Isn’t technology wonderful! A pain in the arse sometimes, but basically wonderful.
The trouble is, it changes so rapidly. No sooner have we got our heads around one way of doing something than bang – another bit of tech comes along and we’re all having to re-learn.
My first computer (an Amstrad 1640) was state of the art when I got it in 1988 – it had slots for not one but two floppy discs!! Do you remember when floppy discs really were floppy?? Do you even remember floppy discs??
I did computer programming as part of my degree course (which is why I needed the computer) – I spent a year learning how to program in Pascal. That’s a year I’ll never get back…
I got that first computer when I was 28, which was only 32 years ago. But look at how far we’ve come. And imagine how far we’ll go in the next 32 years.
I remember the first email arriving at the office I was working at (1989/1990) – we all gathered around and looked at it. It wasn’t even called an email – it was an electronic mail. We used computers for record-keeping, but that was all. I dictated my letters then passed the tape to my typist (I wonder whatever happened to Julie??), she typed them and handed them back to me, I checked them and then put them in my out tray and they were collected and franked and then posted.
I remember life before Google (anyone remember Ask Jeeves?), I remember life before Facebook (anyone remember Friends United?). I remember Minesweeper. I remember when mobile phones could only be used to make phone calls – and only in emergencies, because they were so expensive.
I think I owned a Palm Pilot once. I know I had the first version of the Apple iPhone (I’ve kept it – it will be a collectors’ item one day). But that was all a long time ago, and somewhere along the way I got left behind.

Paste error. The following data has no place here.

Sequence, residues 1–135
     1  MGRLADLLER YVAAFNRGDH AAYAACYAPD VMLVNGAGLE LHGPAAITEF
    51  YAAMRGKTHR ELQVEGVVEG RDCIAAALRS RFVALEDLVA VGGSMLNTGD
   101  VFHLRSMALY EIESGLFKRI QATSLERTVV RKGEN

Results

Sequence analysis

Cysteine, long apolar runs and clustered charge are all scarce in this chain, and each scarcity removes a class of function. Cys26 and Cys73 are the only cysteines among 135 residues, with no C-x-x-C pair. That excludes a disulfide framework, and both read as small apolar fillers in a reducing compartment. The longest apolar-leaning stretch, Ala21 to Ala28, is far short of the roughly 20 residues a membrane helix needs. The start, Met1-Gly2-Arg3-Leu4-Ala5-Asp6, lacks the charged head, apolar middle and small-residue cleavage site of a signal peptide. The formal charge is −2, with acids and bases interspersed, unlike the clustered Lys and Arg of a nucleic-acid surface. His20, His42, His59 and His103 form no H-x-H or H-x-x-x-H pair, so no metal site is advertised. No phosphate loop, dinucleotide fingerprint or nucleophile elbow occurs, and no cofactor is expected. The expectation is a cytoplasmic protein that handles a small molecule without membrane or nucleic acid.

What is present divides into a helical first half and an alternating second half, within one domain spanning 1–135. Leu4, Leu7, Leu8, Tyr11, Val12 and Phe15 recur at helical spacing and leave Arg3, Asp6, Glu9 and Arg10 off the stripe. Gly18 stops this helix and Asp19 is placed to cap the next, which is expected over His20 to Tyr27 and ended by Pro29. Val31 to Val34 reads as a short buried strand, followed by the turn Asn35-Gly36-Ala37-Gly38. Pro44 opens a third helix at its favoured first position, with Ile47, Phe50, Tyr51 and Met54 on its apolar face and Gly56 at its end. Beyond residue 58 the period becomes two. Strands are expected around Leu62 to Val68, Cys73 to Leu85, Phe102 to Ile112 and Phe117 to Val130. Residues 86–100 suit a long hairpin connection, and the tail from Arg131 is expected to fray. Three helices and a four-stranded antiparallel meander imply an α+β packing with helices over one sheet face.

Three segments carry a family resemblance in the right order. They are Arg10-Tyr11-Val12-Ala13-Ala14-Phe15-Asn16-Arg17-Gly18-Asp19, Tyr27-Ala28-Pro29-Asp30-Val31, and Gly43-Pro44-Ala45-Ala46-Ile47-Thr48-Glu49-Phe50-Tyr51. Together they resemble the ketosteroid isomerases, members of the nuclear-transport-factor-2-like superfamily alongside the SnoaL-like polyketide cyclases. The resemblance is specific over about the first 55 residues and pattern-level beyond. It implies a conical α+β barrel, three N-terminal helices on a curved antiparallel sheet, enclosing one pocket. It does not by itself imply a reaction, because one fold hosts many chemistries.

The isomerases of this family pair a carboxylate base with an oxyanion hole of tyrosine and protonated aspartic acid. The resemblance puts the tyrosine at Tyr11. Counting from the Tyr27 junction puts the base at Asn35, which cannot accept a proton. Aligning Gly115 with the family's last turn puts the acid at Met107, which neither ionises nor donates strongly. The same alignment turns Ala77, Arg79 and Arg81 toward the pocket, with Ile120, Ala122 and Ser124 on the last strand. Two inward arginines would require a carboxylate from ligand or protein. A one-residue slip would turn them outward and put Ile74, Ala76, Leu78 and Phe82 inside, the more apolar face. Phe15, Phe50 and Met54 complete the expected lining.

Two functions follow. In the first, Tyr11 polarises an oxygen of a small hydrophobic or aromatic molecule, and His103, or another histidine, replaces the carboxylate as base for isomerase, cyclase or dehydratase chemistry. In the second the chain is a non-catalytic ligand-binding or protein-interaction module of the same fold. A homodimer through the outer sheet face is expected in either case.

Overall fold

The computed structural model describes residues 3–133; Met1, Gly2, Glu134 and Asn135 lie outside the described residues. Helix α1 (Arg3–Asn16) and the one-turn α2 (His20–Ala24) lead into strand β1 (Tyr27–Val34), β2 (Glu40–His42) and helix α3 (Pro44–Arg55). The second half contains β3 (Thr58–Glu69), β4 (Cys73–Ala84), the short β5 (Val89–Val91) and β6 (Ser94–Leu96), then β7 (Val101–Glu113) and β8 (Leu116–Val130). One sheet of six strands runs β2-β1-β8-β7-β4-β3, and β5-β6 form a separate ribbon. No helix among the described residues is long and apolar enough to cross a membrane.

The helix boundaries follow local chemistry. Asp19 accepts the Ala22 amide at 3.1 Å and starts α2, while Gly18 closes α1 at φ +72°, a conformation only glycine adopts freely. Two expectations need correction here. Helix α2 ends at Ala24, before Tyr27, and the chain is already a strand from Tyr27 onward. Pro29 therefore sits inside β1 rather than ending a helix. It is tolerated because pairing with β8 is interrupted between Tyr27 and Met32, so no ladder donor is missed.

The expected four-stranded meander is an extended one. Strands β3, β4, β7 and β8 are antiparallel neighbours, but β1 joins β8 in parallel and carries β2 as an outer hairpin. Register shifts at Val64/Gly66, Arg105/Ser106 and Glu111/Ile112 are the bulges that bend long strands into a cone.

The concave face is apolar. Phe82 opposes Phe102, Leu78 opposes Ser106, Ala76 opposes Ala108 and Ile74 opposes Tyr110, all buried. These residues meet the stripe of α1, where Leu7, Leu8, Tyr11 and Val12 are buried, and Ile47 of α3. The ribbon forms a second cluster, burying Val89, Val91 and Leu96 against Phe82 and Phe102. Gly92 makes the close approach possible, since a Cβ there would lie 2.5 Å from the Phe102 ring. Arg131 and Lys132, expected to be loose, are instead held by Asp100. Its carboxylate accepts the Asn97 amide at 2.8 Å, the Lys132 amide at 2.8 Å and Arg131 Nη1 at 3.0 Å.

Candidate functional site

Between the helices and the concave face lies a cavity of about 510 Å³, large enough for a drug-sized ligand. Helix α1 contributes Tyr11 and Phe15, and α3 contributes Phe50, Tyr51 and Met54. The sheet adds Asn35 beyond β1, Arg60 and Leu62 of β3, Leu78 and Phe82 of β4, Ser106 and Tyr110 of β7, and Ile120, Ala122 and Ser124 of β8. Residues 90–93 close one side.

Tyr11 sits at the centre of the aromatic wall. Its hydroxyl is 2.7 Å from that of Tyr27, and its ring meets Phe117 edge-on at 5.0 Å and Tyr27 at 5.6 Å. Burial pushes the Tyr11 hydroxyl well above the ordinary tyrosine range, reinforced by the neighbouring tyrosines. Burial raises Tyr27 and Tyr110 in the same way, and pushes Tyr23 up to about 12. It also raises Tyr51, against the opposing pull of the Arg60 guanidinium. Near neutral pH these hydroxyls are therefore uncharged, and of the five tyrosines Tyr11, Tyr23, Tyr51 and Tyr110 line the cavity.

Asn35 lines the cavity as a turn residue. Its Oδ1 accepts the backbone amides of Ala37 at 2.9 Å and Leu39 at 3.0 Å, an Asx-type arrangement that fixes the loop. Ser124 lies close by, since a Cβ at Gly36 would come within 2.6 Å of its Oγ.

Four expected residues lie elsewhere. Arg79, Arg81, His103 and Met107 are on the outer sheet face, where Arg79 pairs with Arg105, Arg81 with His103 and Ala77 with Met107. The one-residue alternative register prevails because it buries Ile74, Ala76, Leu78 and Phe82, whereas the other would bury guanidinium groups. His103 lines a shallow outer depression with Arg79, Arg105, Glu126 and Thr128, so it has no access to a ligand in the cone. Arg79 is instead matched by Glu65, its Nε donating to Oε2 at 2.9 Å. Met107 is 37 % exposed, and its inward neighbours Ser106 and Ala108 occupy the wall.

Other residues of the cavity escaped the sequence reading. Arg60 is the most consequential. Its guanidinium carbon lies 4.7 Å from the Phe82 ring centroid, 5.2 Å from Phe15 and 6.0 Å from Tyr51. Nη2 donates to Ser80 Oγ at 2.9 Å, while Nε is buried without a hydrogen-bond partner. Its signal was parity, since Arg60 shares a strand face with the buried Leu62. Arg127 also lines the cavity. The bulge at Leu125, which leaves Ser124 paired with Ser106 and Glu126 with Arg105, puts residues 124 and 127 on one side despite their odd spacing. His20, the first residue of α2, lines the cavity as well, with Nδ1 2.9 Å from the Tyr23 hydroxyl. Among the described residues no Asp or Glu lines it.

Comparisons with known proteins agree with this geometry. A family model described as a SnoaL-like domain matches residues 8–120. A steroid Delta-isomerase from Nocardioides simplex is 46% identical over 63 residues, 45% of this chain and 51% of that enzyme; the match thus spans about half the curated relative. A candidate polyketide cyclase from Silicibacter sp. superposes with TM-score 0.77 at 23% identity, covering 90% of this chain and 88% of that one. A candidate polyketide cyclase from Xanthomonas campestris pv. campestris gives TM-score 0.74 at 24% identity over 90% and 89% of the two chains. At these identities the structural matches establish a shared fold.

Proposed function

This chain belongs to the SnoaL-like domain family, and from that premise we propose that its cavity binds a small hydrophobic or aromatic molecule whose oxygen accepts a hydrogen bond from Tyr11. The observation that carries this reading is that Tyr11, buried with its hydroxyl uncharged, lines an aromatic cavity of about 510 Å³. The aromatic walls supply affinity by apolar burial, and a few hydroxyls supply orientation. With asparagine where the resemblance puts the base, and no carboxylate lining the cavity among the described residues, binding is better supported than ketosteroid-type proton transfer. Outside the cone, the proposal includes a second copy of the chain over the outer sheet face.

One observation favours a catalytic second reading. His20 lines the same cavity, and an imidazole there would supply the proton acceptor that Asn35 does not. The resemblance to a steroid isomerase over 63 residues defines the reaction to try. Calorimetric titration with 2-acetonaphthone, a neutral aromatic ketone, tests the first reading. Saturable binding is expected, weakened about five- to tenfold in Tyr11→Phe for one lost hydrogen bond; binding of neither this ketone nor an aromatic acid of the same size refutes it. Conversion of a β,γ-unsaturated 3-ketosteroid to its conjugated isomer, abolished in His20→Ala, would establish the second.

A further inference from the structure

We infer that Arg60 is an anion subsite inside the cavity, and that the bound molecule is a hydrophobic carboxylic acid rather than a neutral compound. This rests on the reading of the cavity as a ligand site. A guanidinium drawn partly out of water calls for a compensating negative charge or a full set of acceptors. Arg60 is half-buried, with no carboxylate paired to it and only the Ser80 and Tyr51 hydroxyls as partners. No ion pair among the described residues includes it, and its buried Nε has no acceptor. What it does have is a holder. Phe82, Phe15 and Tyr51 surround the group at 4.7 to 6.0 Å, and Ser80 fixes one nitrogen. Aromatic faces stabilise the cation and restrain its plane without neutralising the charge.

The trouble is, every time technology moves on (and it’s moving on faster and faster) we don’t just have to remember something new, we have to forget something old.
Thanks to the pandemic, I’ve been bounced into using a lot of tech that I previously wasn’t using. I use WhatsApp to talk face-to-face with my son. I use Zoom for business meetings. I downloaded the Waze app instead of buying a new SatNav. I do virtual gym sessions three times a week. Even the clinical trial that I’m taking part in required me to download an app.
I’m doing most of my kitchen design work virtually now. We use Teams – jeez, that first one was scary. Setting it up seemed so complicated. Now – it’s a doddle. But no sooner had I got my head around doing the designs virtually than I had to learn how to process a finance application over the phone. Another day, another new thing to learn.
I’ve had to learn to use tech in lots different ways. But the biggest thing I’ve learnt is that I can learn it.
You can teach an old dog new tricks.
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